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Delayed hyperbaric oxygen therapy for air emboli after open heart surgery: case report and review of a success story



The current case describes a rare diagnosis of iatrogenic air emboli after elective cardiopulmonary bypass that was successfully treated with delayed hyperbaric oxygen therapy, with good clinical evolution in spite of rare complications.

Case presentation

A 35 years old male was admitted to the intensive care unit (ICU) for post-operative management after being placed on cardiopulmonary bypass (CPB) for an elective ventricular septal defect closure and aortic valvuloplasty. The patient initially presented with pathologically late awakening and was extubated 17 h after admission. Neurologic clinical status after extubation showed global aphasia, mental slowness and spatio-temporal disorientation. The injected cerebral CT scan was normal; the EEG was inconclusive (it showed metabolic encephalopathy without epileptic activity); and the cerebral MRI done 48 h after surgery showed multiple small subcortical acute ischemic lesions, mainly on the left fronto- parieto- temporo-occipital lobes. He was taken for hyperbaric oxygen therapy (HOT) over 54 h after cardiac surgery. The first session ended abruptly after 20 min when the patient suffered a generalised tonico-clonic seizure, necessitating a moderately rapid decompression, airway management, and antiepileptic treatment. In total, the patient received 7 HOT sessions over 6 days. He demonstrated full neurological recovery at 4 weeks and GOS (Glasgow Outcome Scale) of 5 out of 5 even after a long delay in initial management. Convulsions are a rare complication of HOT either due to reperfusion syndrome or hyperoxic toxicity and can be managed. Prior imaging by MRI or tympanic paracentesis (myringotomy) should not add further delay of treatment.


HOT should be initiated upon late awakening and/or neurologic symptoms after CPB heart surgery, after exclusion of formal counter-indications, even if the delay exceeds 48 h.

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Iatrogenic air emboli is a 0.1% complication of CPB, largely under-diagnosed and under-reported with high morbidity (13–71%) and mortality (5–23%). Cerebral Arterial Air Embolism is a clinical diagnosis; its risk factors should be known and a high index of suspicion should be maintained. HOT should be considered and initiated in the absence of formal counter-indications, even if the delay is over 48 h.

Case presentation

A 35 year old male was admitted to the hospital for elective cardiovascular surgery for a congenital Ventricular Septal Defect with a moderate left-right shunt and aortic insufficiency, also known as the Laubry-Pezzi Syndrome. He was diagnosed at age 25. Relevant medical history included severe penicillin allergy, type 2 diabetes, hypertension, dyslipidemia, and history of endocarditis of the pulmonary valve with resultant moderate pulmonary valve insufficiency.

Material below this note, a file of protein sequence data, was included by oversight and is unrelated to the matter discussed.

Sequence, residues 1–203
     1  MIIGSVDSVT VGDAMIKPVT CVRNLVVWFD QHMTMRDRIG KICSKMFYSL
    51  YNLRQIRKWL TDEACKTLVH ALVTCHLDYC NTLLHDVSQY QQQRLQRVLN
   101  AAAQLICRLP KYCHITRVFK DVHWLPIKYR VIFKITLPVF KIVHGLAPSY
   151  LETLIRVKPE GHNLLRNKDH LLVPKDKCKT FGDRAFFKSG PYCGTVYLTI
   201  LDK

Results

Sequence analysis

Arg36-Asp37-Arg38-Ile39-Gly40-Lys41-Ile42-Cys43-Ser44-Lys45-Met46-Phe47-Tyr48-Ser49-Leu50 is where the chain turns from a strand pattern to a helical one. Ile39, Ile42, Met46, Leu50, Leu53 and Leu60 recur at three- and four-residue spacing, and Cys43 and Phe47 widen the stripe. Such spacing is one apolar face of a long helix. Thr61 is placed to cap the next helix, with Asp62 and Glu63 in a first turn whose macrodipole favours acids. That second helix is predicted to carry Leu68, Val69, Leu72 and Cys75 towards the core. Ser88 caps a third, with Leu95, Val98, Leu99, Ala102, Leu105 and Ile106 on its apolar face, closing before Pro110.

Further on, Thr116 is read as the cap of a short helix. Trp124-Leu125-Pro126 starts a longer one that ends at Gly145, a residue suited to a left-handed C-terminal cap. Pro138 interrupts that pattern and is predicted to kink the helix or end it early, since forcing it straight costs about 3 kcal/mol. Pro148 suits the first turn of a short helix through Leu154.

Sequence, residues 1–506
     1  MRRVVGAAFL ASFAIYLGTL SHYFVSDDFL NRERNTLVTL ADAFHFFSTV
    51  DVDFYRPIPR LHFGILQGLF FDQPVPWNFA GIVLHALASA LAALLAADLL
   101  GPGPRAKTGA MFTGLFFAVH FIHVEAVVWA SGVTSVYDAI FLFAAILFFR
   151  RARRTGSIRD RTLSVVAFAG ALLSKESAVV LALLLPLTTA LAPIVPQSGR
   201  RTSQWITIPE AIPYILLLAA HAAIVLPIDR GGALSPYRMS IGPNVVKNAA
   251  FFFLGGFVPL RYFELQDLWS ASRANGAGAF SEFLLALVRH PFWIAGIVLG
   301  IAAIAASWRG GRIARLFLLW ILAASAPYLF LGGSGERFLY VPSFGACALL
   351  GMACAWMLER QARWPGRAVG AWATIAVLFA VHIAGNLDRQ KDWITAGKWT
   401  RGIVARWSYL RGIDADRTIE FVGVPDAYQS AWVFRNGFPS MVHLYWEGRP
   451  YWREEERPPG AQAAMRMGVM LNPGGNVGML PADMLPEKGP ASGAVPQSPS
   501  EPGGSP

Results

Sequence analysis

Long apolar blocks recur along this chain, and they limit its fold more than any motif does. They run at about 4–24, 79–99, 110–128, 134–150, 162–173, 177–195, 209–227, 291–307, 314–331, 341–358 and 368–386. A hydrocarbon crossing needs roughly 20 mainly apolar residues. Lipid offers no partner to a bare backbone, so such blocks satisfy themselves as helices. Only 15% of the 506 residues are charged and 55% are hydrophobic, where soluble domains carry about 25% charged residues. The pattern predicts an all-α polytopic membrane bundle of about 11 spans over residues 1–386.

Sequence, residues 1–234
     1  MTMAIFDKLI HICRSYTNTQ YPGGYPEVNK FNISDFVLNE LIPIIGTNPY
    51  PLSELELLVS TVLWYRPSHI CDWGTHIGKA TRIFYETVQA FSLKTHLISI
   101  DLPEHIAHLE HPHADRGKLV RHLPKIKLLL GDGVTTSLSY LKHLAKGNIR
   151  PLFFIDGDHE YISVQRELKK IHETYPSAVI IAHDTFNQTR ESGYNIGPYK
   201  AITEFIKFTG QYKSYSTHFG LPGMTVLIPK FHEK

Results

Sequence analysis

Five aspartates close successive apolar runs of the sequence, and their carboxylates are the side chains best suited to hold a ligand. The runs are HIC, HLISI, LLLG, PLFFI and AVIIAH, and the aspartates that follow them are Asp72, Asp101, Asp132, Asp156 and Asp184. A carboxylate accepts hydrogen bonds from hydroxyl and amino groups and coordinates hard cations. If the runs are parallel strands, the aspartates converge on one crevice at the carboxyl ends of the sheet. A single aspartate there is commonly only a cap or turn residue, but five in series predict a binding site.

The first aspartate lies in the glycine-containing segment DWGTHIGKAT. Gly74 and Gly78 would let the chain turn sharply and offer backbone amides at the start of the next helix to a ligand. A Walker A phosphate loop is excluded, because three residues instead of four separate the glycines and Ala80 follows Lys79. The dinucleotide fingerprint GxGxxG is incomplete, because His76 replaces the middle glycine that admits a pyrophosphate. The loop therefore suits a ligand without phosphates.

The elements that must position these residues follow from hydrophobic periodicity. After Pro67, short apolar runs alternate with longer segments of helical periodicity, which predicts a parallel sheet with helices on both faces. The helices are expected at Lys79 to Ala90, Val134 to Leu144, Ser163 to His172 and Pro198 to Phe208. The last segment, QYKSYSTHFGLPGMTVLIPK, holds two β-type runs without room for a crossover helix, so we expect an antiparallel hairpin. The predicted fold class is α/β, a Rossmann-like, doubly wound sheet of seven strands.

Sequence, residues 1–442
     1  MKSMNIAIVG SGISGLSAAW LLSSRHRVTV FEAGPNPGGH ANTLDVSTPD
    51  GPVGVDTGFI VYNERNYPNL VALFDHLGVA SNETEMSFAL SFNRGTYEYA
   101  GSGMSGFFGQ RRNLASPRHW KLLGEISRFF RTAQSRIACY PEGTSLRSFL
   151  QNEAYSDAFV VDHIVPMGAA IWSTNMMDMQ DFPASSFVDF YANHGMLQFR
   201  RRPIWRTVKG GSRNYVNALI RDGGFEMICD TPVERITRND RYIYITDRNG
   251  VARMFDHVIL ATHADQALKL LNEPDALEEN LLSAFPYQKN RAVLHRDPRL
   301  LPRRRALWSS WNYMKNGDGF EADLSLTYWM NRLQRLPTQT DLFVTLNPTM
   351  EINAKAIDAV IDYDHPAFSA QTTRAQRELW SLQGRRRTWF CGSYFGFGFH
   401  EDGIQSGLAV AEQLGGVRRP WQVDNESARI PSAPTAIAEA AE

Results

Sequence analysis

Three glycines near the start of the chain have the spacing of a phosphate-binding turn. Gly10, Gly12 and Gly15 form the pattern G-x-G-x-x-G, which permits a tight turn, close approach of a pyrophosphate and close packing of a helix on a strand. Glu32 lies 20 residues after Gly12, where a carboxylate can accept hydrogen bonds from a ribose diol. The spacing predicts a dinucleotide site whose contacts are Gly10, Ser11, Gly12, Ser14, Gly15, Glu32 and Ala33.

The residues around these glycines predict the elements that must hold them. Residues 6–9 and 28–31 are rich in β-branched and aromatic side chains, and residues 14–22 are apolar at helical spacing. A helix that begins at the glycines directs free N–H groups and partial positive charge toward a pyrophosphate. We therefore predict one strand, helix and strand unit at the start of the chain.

The elective surgery consisted of a closure of the ventriculo-septal defect (VSD) and aortic valvuloplasty, under cardiopulmonary bypass (CPB). The whole operative procedure lasted five hours and thirty-five minutes, with aortic clamping duration of one hour and nine minutes, and extracorporeal circulation time of one hour and twenty-nine minutes. The patient underwent combined general and epidural anesthesia. Perioperatively he was hemodynamically stable, and weaning from CPB was uneventful. The transoesophageal echocardiography (TOE) performed by the anesthesiologist after the de-clamping of the aorta, however, showed a significant amount of residual air bubbles, which were then immediately extracted through the aortic canula until complete disappearance.

The patient was transferred to our multidisciplinary intensive care unit around 5 pm right after the surgery. Upon his arrival, he was still intubated but not sedated. The primary clinical examination showed GCS of 11, bradypnea, poor vigilant state, both pupils constricted in myosis but no neurologic focal deficit. His first arterial blood gas showed a respiratory acidosis. All of these findings were consistent with opioid impregnation or a slow metabolic clearance of anesthetic agents. His conscious state and frequents apneas required him to stay on mechanical ventilation with assisted and controlled mode until the end of the night.

On day 1 he was extubated and his neurological examination showed slowness, spatio-temporal disorientation, severe motor and sensory aphasia, no response to simple orders, and no limb deficit. The brief neuropsychological examination in his native tongue at his bedside with a certified interpreter confirmed similar findings. At that stage, the differential diagnosis was a cerebral vascular event - ischemic or haemorrhagic, epilepsy, or an air emboli. The hypothesis of an air emboli was discussed with the operating surgeon and the anesthesiologist, who both confirmed that during the procedure there had been a considerable amount of air bubbles after decanulation of the aorta, an occasional event occurring with CPB; however, no additional transoesophageal echocardiograpy was performed in the ICU at that time.

An injected cerebral CT scan was performed and excluded a recent ischemic attack or secondary bleeding; all arteries were patent. After neurologist consultation, the patient was treated for a small vascular ischemic attack, based on the sole clinical diagnosis, and without specific radiographic findings. He received intravenous aspirin (250 mg) and appropriate hemodynamic monitoring.